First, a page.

Palliative Care Australia (PCA) welcomes the government’s focus on systemic reform but emphasises the need for more investment in palliative care training and specialist services.
While the budget provides a strong foundation for ongoing reform, there is still a critical need for palliative care training in primary health and aged care, especially for registered nurses in aged care.
The rising demand for palliative care and the recommendations of the Royal Commission into Aged Care Quality and Safety make it essential to integrate palliative care into the ongoing reform agenda, especially with 7 in 10 Australians preferring to die at home and the number of people needing palliative care rising by 50% in the next decade.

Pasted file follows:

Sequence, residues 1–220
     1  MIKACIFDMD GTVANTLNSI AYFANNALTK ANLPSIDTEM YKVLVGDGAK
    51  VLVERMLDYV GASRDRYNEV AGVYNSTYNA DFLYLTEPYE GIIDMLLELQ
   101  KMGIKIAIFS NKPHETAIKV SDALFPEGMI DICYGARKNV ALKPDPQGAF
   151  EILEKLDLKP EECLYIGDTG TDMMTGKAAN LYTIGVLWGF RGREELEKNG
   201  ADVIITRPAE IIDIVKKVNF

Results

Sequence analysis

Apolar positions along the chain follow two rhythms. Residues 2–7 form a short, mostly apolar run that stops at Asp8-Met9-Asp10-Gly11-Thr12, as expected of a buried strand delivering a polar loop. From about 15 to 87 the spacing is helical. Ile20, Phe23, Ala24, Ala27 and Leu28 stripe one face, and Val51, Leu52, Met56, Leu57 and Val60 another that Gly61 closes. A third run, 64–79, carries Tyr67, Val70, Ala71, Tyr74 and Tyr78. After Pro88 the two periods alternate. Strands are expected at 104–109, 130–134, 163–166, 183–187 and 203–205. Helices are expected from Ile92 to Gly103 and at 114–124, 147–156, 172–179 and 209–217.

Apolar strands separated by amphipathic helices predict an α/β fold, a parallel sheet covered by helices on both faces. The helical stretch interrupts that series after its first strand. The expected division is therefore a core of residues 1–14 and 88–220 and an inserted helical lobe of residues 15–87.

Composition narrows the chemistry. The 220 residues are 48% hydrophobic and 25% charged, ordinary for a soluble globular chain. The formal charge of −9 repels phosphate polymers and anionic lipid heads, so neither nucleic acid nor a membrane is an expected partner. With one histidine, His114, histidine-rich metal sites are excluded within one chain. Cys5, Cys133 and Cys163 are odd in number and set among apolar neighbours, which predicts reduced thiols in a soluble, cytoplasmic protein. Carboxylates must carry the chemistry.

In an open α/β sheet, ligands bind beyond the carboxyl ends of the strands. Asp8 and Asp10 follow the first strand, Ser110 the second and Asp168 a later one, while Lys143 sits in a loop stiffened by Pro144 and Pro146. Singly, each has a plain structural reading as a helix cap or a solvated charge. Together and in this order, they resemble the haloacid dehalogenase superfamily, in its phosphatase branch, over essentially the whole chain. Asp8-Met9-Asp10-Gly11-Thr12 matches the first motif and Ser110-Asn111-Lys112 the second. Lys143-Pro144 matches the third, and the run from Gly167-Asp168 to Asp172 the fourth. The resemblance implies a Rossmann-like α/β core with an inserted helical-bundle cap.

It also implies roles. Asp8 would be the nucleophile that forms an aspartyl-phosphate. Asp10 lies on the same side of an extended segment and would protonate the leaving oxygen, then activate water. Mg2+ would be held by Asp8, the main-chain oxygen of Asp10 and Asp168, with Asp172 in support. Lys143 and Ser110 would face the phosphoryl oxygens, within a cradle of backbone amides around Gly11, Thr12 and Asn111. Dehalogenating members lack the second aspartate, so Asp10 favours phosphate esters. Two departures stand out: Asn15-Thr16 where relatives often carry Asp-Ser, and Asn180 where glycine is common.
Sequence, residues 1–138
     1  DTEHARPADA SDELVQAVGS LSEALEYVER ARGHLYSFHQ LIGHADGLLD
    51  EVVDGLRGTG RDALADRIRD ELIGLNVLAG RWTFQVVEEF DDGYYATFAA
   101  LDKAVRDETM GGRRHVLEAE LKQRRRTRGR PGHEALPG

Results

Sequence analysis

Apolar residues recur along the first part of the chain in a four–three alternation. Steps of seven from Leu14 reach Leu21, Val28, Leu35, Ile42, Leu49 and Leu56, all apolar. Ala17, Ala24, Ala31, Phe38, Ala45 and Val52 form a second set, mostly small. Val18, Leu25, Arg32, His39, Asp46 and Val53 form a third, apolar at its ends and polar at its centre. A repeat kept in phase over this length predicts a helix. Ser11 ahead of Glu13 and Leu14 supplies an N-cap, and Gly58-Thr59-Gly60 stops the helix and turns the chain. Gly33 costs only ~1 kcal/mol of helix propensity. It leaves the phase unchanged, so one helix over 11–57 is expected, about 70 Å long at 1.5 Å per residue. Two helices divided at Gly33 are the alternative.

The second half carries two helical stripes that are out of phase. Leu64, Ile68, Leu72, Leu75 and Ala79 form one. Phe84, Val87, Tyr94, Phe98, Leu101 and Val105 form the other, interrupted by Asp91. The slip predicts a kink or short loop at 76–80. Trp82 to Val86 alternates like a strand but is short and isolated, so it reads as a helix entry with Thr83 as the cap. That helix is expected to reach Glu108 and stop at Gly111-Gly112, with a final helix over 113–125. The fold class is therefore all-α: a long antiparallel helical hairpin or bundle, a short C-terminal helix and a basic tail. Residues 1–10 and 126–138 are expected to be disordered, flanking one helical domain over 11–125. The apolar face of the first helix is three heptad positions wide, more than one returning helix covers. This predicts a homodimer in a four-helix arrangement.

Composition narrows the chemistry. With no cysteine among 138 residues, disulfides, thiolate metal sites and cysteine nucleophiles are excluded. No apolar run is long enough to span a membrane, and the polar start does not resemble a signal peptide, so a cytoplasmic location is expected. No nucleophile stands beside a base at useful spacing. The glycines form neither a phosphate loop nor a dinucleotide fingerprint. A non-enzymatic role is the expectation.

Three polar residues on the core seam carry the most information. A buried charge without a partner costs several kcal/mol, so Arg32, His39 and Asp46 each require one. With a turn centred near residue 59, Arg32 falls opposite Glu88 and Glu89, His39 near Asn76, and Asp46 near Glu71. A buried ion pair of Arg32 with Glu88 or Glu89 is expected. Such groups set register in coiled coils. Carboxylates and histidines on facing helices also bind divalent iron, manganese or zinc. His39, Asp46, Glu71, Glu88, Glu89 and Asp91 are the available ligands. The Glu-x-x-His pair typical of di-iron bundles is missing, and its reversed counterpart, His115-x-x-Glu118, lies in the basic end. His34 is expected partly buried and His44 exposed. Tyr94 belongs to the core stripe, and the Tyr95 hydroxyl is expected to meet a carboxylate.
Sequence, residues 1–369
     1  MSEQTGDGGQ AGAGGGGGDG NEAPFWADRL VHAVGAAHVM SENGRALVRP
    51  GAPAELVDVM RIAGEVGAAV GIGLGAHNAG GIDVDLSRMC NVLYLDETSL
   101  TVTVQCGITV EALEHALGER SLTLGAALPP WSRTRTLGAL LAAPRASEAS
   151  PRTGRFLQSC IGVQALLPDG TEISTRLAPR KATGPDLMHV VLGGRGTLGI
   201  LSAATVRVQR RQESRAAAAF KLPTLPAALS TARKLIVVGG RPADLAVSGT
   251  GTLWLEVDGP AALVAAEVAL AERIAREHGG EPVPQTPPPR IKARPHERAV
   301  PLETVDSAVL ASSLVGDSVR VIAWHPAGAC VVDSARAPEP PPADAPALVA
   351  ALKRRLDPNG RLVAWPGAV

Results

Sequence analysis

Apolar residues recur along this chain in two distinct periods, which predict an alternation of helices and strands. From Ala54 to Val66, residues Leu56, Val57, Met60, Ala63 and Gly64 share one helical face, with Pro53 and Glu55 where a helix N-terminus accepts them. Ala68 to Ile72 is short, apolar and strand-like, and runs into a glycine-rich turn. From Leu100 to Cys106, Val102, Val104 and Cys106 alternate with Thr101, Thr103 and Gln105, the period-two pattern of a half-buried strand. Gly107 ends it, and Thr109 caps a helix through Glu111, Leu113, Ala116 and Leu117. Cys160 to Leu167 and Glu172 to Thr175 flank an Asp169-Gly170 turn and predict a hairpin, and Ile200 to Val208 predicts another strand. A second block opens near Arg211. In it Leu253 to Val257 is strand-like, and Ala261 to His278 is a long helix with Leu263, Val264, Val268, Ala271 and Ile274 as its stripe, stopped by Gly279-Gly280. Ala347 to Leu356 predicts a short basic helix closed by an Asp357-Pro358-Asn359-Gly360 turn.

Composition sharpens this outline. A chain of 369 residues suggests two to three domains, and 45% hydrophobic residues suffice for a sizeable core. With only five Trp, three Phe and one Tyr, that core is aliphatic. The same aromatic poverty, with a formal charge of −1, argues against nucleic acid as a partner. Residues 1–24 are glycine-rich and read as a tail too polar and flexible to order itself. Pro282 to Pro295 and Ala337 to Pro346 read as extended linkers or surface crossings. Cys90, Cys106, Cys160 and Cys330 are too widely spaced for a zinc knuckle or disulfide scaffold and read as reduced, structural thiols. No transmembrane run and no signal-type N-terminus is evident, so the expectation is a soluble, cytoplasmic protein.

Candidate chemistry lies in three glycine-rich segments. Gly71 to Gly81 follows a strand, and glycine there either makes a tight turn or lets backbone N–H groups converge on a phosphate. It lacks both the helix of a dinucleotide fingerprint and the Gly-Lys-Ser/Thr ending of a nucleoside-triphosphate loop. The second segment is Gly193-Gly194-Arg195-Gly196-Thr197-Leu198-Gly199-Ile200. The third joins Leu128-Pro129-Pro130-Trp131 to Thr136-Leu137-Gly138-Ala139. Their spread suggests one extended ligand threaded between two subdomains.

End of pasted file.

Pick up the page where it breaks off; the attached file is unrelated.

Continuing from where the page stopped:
This highlights the need for more GPs, nurses and allied health professionals to receive appropriate training, particularly in aged care. Additionally, PCA urges the government to address the strain on specialist palliative care services, which have seen a 30% increase in demand due to delayed diagnoses during the pandemic.
PCA emphasises the importance of partnerships between primary health and specialist palliative care services to ensure better access to quality palliative care for all Australians.
PCA’s pre-Budget Submission and the advice of the palliative care sector make clear that there is a need to do more: